The Pirate Function lecture now available on the UI YouTube channel
You can now watch the full lecture on our YouTube channel.
The lecture was a tour de force of Kavita’s interdisciplinary works, building from pirate studies
towards an historically-grounded racial ecology of theft.
Providing an exceptional insight of how histories of race intersect with the ecology of pirates, Kavita delivered an analysis of the racialisation of intellectual property law, copyright and digital piracy - concluding with a fascinating framing of the differences between white, Asian and Black piracy.
Speaking from outside urban studies, Kavita’s lecture left us much to think about: how digital piracy is a ‘revenge’ for years of under-development; how localised piracy is variably valued as either innovative or dismissed as simply ‘non-creative’ copying; and how current debates on knowledge capitalism and the enclosure of the commons find antecedents in colonial trading of scientific objects and assets.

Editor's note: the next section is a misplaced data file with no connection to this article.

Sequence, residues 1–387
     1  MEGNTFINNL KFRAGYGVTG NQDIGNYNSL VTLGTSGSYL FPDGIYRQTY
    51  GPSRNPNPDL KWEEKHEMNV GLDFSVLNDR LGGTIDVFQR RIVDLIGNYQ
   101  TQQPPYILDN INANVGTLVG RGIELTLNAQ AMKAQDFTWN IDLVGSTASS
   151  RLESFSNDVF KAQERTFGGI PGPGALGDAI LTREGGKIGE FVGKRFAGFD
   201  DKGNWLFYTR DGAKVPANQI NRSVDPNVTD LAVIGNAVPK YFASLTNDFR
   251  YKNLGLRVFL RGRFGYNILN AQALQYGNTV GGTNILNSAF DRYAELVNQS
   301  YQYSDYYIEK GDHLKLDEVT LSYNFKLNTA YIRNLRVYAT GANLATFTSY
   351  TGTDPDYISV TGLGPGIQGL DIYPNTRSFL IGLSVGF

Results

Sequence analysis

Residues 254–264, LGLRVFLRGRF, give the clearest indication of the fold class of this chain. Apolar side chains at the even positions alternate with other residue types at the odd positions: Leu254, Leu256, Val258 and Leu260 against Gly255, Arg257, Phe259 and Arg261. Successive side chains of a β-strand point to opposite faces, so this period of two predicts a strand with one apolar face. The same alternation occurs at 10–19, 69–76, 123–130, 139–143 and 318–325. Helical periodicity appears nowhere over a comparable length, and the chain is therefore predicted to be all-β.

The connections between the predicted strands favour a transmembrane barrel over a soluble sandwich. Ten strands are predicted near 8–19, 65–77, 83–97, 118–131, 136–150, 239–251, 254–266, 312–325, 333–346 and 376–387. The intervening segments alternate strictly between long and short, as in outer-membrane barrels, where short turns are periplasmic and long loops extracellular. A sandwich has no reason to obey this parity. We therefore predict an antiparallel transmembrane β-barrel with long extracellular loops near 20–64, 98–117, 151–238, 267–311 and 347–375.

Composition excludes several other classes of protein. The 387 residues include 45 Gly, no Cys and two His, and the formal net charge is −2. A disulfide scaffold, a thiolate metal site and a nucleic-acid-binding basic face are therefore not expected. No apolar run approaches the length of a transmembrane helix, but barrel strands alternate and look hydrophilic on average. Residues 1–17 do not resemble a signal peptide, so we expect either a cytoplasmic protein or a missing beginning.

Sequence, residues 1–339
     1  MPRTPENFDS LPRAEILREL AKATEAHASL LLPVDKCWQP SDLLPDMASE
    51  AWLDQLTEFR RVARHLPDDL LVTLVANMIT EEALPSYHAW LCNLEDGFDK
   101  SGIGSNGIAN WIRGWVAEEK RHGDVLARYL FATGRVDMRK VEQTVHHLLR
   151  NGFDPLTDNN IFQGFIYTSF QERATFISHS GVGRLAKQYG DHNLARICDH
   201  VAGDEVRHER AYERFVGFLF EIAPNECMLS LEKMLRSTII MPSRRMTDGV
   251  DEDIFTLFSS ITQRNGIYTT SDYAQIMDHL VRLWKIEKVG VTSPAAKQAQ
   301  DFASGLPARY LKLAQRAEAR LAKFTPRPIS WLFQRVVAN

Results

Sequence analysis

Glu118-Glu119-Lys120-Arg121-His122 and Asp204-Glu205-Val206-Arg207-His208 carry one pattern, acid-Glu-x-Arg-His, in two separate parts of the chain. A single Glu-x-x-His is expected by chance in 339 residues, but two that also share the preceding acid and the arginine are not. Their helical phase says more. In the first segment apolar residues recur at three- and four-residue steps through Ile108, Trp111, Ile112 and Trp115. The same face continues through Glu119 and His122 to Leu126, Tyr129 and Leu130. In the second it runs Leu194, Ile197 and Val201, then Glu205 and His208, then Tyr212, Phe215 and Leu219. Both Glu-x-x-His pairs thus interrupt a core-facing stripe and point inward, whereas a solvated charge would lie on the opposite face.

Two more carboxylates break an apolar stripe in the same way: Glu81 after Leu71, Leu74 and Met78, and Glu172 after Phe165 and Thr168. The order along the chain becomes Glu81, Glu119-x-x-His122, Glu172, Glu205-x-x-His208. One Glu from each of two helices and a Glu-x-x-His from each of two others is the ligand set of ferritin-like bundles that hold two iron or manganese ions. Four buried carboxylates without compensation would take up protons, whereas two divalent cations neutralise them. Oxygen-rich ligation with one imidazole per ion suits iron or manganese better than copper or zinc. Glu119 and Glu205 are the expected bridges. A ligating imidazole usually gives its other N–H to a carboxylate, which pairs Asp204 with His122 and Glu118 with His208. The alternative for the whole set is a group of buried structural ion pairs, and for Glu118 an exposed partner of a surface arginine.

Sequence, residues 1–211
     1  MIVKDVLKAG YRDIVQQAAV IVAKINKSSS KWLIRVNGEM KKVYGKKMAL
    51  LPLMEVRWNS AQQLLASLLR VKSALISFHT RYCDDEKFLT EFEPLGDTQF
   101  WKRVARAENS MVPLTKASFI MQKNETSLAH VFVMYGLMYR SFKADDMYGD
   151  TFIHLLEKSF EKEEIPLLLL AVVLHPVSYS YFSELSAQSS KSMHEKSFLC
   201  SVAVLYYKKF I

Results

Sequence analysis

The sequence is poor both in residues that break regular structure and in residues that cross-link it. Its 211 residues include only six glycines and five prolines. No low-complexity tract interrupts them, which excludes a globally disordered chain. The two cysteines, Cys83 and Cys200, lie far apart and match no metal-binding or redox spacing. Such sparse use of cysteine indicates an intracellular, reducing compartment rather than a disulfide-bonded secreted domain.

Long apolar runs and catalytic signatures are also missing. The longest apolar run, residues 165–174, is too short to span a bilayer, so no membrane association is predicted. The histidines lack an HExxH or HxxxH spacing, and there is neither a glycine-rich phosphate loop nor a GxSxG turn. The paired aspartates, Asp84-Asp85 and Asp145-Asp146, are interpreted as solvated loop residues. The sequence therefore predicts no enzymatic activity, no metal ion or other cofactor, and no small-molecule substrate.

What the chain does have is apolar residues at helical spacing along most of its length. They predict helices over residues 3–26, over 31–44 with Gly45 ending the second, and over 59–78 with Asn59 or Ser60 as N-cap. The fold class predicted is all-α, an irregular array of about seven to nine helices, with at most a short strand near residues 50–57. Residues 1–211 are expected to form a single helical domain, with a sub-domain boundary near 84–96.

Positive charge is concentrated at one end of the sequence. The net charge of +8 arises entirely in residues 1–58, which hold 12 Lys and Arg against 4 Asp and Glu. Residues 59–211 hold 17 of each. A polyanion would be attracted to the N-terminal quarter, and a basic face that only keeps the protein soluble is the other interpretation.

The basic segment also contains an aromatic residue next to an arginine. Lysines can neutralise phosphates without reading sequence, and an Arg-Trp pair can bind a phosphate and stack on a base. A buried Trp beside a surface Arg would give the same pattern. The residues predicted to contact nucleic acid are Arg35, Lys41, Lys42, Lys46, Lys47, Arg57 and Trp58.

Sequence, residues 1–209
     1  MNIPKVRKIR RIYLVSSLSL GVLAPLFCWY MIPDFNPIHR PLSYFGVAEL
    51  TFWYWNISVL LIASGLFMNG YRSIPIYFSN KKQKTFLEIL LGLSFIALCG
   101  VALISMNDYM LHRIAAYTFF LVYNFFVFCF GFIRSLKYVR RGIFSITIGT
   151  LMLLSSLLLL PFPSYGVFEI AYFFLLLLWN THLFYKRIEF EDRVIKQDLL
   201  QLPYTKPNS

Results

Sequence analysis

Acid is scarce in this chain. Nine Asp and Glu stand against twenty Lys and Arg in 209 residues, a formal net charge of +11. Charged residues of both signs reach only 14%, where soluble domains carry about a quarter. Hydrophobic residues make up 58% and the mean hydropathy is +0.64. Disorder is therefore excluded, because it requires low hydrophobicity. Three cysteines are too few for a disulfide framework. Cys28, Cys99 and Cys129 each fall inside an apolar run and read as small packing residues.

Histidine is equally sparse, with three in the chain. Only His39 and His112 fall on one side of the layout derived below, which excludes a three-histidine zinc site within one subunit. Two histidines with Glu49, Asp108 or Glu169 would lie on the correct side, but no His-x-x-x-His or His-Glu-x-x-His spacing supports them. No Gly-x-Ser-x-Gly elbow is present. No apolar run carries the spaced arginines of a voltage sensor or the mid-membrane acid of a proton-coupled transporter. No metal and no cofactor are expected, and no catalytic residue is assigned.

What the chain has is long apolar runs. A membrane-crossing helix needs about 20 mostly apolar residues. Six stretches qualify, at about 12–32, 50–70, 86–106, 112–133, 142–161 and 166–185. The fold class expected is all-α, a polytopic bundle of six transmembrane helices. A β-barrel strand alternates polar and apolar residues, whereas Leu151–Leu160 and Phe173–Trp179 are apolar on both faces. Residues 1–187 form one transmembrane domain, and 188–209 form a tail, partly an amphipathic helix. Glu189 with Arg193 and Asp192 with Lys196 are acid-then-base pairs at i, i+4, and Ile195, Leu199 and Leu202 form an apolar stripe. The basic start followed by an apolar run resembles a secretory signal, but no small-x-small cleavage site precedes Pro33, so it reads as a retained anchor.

The lecture leaves us asking: who is engaged in urban piracy or banditry? Where and how is urban piracy taking place? And how are terrains of local creativity, innovation, knowledge production and circulation shaped by global regulations and laws well beyond the traditional concerns of urban studies?
Find out more about Kavita’s work here.
If you’d like to continue to follow the Sheffield Urbanism series, you can still sign up for the final session on ‘The future of urban epistemics’ online and in-person here.
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